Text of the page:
Mental health affects us all, but there remains a stigma around discussing these issues in the workplace. Here, we look at ways employers can help address these concerns and boost mental wellbeing in the workplace.

More than 11 million UK working adults have taken time off work for poor mental wellbeing, costing businesses an estimated 40 million working days each year, according to new research from not-for-profit healthcare provider, Benenden Health. Despite this, only 38% of them felt comfortable being honest about it to their employer, while others cite physical health issues or simply take annual leave to avoid the conversation all together.

It’s extremely important to foster a culture of openness and compassion.

In addition to this, the survey also revealed that 71% of employers believe there’s still a stigma around discussing mental health in the workplace.

So, what can employers do to boost mental wellbeing at work?

With greater transparency and better support, employees would feel more comfortable coming forward about their mental health – but rolling out effective measures can be hard.

In this article, we’ll draw on examples of measures we have encouraged at Benenden Health as part of our overall health and wellbeing strategy in 2019-2020 to support the mental wellbeing of our employees.

1. Urge your team to take time out for self-reflection and to build a wellness action plan

This will enable employees to elaborate on how they’re feeling and help them consider how their managers and colleagues can assist when they’re not at their best.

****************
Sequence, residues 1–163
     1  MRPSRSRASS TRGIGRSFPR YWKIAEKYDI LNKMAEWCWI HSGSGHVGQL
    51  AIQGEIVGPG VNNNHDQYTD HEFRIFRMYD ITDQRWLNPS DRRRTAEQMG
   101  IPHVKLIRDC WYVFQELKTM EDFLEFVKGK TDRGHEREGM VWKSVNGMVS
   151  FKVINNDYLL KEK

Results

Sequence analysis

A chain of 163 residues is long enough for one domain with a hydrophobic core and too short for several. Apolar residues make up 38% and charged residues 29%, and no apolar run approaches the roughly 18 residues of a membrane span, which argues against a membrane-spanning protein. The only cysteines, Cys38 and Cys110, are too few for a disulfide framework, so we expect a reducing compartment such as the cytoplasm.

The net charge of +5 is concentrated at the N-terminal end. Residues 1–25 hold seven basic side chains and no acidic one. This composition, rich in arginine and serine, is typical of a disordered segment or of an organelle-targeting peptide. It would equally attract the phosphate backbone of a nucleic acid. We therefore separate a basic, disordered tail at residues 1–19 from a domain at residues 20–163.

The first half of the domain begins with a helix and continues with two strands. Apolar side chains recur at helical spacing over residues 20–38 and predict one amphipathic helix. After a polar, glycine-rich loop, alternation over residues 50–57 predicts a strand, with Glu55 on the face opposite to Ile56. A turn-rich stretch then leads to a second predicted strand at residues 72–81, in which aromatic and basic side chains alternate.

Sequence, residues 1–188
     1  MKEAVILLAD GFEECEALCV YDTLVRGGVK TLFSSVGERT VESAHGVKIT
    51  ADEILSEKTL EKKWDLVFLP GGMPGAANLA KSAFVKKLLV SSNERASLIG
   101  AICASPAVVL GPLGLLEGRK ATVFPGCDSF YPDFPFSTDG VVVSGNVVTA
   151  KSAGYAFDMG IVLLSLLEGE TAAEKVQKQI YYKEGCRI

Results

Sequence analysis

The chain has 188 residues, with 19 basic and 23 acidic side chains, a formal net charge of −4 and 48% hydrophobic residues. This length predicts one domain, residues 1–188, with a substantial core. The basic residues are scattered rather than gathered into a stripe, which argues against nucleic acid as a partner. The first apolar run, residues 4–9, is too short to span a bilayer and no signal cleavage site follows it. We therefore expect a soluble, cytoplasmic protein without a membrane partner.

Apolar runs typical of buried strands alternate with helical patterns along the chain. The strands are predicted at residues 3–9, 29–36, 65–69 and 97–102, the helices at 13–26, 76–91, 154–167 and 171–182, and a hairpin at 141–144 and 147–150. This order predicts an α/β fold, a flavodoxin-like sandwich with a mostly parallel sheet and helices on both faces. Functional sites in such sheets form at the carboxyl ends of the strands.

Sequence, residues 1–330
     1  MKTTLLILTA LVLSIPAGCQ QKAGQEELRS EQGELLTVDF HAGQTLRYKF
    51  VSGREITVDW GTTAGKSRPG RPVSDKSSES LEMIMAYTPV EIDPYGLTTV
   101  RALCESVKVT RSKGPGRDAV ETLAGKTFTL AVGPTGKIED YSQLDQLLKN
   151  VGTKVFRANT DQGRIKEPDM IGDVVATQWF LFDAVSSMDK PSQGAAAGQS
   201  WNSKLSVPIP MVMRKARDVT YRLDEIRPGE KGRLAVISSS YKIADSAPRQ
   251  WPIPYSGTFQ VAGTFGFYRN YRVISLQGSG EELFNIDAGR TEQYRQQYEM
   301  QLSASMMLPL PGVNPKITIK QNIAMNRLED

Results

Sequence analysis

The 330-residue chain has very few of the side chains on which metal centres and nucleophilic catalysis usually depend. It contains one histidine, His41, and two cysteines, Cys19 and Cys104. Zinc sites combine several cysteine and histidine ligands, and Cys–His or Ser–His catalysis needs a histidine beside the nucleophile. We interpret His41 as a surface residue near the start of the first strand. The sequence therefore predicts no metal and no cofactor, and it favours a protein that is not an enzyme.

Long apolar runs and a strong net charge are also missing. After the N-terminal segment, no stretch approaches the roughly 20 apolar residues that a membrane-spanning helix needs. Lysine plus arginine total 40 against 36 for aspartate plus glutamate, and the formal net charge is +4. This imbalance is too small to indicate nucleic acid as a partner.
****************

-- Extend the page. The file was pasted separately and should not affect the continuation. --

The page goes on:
2. Appoint mental health first aiders, who are trained to talk about mental wellbeing

They can intervene in a crisis and are highly approachable to colleagues. We recommend employing mental health first aiders that are a reflection of your workplace demographic.

In the first 18 months of Benenden Health introducing them, we saw them help out 20 cases of colleagues whose mental wellbeing was not in a good place.

3. Take time to train your managers to spot signs of poor mental wellbeing

This step is crucial in organisational transformation, not only does this take the strain off mental health first aiders, it instills the confidence in managers to be able to talk to their employees. In turn, employees feel more relaxed to approach their managers if, and when, they need to have a chat.

4. Provide resilience training to better equip your workforce to deal with changes

It does pay off to provide your employees the emotional toolkit they need to handle changes to working patterns, responsibilities and the wider social-economic environment.

We’ve found this especially beneficial during the Covid-19 pandemic, with many colleagues finding that it has helped them with tools and strategies to deal with life stresses outside of the workplace too.

5. Ensure job satisfaction, as it plays a large role in an employee’s mental wellbeing

Whether that’s taking time to pave a proper career plan and regular reviews on their performance, or as simple as introducing appreciation rituals like ‘shout-out Fridays’, it helps to make employees feel valued and appreciated.

6. Don’t let physical health take a backseat

We all know the undeniable link between physical and mental health. Take steps to ensure measures are in place to facilitate exercise and better sleep.

Encouraging team-led initiatives introduces friendly competition, making exercising fun and nurturing teamwork.


Original article ‘How to develop a culture of positive mental wellbeing at the workplace‘ Written by Helen Smith Published by HR Zone


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